He would give the Lakers another player who can score out of any mid or low post sets that the Lakers are interested in running. Middleton being a quality pull up and above the break shooter doesn’t conflict with the scoring areas that LeBron and Ingram would operate out of.
When taking a look at the starters with the highest scoring frequency this past season for the Lakers by play type it becomes easier to visualize inserting Middleton in for Kuzma
Middleton’s integration with the Lakers offense would be fairly easy as his scoring style would immediately boost the lack of effectiveness in spot up possessions.
Middleton’s height and soft touch would also allow him to utilize screens from Laker big men compared to the Bucks who would leave their bigs out on the perimeter.
Defensive Profile & Fit
Most of Khris’ defensive prowess tends to happen on the perimeter. His long arms catch ball handlers off guard on their drives and make him an effective help defender off the ball.
Milwaukee’s defensive philosophy involves strong closeouts on the perimeter and a swarming attack on ball handlers in the midrange area. Khris functions exceptionally well in that swarming role and is great at moving his feet on the perimeter to stay with offensive players.
Most of Middleton’s defensive percentiles put him in the same tier as the current Lakers starters. He doesn’t do anything exceptionally better than other starters but does perform better against the pick and roll then most of the roster.
Middleton doesn’t carry any off the court troubles or attitude issues so there isn’t any concern there. Milwaukee has a big advantage in their ability to offer Middleton the 5 year / 190M and for a second round pick it is hard to see Middleton turn it down. At 27 years of age, any team would get Middleton through the “prime” years of his career.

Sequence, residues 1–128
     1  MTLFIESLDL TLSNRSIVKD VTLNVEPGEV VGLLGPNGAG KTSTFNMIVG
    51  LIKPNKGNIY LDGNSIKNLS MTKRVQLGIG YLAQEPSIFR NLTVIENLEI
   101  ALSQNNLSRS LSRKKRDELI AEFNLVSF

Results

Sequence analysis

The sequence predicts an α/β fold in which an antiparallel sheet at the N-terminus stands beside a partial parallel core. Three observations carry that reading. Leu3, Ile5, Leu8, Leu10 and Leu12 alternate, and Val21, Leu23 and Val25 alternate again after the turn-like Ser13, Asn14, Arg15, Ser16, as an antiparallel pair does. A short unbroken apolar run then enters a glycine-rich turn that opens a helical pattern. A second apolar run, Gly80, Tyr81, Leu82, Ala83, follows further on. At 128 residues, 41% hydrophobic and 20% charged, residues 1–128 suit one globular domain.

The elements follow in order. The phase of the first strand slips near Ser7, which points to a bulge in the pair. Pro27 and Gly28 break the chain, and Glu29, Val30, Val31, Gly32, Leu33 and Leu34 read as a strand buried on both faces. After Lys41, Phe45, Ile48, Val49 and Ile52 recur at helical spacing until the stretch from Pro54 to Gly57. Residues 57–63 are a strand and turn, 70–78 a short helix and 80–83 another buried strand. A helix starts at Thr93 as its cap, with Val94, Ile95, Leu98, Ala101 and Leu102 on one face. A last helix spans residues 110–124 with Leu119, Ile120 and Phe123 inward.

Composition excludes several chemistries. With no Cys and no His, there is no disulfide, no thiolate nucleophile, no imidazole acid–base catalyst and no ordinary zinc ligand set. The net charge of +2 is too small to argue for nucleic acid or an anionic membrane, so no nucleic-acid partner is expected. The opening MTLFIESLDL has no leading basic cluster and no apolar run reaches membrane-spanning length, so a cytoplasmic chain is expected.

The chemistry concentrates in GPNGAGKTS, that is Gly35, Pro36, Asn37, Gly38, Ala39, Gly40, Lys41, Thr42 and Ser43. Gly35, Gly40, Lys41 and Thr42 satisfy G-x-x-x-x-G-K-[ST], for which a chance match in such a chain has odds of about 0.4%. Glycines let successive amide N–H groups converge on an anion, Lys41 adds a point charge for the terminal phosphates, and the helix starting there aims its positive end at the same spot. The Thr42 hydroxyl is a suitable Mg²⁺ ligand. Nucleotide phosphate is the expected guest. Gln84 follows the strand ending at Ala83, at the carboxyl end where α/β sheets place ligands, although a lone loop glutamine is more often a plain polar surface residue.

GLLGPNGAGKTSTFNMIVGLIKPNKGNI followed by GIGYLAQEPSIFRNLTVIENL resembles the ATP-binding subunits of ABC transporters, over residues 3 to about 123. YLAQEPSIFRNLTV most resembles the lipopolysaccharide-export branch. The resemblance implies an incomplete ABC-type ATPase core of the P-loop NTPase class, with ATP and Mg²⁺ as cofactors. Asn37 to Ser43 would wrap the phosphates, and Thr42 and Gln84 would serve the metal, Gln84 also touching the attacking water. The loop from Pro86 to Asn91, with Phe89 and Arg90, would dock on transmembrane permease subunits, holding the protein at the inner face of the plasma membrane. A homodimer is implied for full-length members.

It seems almost a no brainer decision for the Bucks to offer the full max to Middleton especially since they can offset the additional cost by waiving Hill’s non guaranteed next year and save 18M.
In the off chance the Bucks low ball Middleton or he wants a change of venue, he shouldn’t have any issues finding a team to offer a 4 year max.
While the Bucks continue to make their way through the Eastern Conference under Coach Budenholzer’s spacing philosophy, a big part of their success can be attributed to Middleton’s controlled play. The Lakers would undoubtedly benefit from his offensive profile as well.
Khris’ excellent touch outside of the restricted area and quality three point shooting is an easy complement to any team like the Lakers that is heavily reliant on getting to the rim.
He also fits the profile of the “really good but not quite great” tier player that often snags a max contract in a limited market. Evaluating whether he can continue to improve his play is a tough decision that Milwaukee will have to make. With the Lakers being part of the buyer’s market this summer, Middleton may become a legitimate fallback option for the purple and gold.